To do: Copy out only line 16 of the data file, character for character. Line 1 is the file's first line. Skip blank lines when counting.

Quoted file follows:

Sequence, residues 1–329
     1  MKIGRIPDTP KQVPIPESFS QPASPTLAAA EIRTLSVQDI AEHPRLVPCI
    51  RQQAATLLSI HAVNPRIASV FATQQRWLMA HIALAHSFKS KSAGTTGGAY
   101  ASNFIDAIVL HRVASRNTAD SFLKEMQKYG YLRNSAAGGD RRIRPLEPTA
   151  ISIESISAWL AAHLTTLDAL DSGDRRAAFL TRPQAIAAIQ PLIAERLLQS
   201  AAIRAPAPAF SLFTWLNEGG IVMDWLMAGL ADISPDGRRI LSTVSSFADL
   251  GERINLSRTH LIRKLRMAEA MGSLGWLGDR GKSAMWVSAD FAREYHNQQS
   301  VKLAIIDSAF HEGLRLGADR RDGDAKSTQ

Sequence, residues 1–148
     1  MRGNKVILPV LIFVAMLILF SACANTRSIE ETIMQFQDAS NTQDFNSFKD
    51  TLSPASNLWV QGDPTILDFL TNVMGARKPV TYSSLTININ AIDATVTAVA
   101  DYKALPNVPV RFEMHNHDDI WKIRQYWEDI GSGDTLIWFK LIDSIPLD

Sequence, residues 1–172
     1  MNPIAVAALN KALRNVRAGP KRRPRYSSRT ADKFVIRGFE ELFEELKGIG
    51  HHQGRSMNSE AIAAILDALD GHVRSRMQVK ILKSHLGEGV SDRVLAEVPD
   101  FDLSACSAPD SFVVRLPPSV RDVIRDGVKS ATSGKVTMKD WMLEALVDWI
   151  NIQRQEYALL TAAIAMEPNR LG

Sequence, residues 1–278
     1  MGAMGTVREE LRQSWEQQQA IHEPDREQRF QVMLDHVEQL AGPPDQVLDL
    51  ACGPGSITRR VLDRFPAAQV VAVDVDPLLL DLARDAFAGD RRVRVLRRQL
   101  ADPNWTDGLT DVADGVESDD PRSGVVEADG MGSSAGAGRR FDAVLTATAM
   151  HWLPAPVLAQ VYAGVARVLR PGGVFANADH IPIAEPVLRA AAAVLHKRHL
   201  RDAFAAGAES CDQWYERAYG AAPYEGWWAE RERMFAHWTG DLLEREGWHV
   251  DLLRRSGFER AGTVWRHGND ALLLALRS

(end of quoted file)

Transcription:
   101  FDLSACSAPD SFVVRLPPSV RDVIRDGVKS ATSGKVTMKD WMLEALVDWI